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Play in middle childhood

Play in middle childhood

Posted on Oct 2017

Play is very significant for the optimum development of children who are in their middle childhood. This is portrayed by the eye opening documentary Lost Adventures of Childhood: The High Price of Hyper-Parenting that shows the high price that many families are paying where the value of playing among children is not comprehended. According to Jones (2010), “for an activity to be regarded as play, it ought to be both voluntary as well as self-organized” (34). Middle childhood refers to a stage as well as a pathway that is significant for future development of a child. Newman (2007) asserts that the developmental markers in middle childhood are categorized into the following broad domains- cognitive, physical, emotional and social development. This essay looks into the role that play has on the physical, cognitive, emotional and social development of children during middle childhood.

Physical Development: during the middle childhood stage, this domain entails biological as well as neurophysiological development, the modification of both perceptual and motor skills, along with physical health, together with nutrition and exercise. Children who are of school-age go through rapid spurts in terms of height, weight and progress in athletic capacities. They commence on the inception of puberty at different ages, with girls having an average of 11 years and boys of 13 years, a stage that is marked by hormonal changes, and observable transformations in both physical appearance as well as behavior.

Play is significant in the development of gross motor skills. Children continue building and improving on their gross motor skills during middle childhood. At this phase of development, children develop extensive body movement skills like walking and running, skills that they had initially learnt during their earlier developmental stages. Generally, boys tend to develop these skills relatively faster as compared to girls, excluding skills entailing balance and precise movements like skipping and hopping. This is why the school curriculums provide regular scheduled chances for both exercise and play. The access to physical activities helps in supporting healthy bodies for physical development.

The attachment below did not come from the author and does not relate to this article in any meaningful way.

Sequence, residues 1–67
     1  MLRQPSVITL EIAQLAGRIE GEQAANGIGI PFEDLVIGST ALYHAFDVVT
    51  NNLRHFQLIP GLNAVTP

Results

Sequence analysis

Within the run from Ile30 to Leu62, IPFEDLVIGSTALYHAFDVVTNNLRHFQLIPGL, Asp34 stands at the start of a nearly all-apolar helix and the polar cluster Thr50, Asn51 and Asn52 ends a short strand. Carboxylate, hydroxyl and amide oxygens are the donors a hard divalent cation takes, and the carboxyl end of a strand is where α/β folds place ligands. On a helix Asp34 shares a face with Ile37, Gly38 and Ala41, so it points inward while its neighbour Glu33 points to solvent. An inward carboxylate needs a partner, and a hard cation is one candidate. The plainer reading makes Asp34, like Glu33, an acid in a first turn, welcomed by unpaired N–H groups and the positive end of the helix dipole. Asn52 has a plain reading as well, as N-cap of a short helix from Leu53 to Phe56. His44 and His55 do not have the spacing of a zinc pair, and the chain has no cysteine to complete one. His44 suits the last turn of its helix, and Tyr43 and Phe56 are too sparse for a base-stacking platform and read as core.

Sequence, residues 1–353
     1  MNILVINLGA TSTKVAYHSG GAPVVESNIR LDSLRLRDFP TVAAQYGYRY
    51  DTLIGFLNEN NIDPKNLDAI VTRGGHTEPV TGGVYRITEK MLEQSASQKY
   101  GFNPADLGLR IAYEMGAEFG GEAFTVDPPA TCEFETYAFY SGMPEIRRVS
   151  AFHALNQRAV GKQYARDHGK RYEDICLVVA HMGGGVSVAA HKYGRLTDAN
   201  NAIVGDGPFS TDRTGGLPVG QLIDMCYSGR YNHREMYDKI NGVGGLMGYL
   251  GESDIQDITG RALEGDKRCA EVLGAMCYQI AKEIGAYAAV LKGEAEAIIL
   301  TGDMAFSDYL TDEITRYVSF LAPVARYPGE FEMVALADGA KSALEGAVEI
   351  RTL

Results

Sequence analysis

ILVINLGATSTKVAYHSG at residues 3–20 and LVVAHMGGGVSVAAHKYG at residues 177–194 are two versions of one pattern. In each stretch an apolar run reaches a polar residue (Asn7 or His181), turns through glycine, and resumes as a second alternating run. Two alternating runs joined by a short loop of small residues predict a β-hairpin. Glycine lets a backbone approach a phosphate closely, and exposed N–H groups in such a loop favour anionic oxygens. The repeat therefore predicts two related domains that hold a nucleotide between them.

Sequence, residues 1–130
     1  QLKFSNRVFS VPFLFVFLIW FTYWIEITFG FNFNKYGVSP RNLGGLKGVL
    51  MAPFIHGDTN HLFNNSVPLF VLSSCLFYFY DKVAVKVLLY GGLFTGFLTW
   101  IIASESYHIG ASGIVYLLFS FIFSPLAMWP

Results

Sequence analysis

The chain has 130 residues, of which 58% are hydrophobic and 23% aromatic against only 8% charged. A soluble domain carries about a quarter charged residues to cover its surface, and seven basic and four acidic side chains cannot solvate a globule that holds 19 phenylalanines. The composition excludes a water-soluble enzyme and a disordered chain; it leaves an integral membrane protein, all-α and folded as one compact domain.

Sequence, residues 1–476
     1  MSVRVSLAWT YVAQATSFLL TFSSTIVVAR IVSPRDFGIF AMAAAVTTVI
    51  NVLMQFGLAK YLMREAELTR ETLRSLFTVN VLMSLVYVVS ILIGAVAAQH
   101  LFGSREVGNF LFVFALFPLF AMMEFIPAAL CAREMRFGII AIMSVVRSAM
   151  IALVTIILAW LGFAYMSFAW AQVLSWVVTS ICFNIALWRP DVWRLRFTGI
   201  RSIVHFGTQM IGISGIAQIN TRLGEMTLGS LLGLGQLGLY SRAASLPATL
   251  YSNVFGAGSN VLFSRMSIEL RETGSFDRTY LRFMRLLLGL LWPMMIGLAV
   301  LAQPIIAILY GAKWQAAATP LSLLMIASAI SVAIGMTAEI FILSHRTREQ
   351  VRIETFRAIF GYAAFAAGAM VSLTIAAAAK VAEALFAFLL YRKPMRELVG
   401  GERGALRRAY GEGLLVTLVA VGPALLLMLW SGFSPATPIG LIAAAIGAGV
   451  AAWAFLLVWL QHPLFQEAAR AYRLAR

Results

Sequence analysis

Play also contribute to physical development by enhancing fine motor skills. Fine motor skills are different from the gross motor skills in that they require coordination between the eyes and hands (Jones, 2010, p.54). Girls have a tendency of developing fine motor skills faster in comparison to boys, for instance, middle-childhood children demonstrate dramatic improvements in relation to printed handwriting or drawing.

Cognitive Development: The domain of this stage entails intellectual as well as language development, reasoning capacities, as well as memory abilities. The childhood middle years are characterized by a steady improvement in logical reasoning by use of concrete examples, increased cognizance of memory in addition to learning strategies. In addition children achieve and consolidate significant academic skills like reading, writing, as well as computing.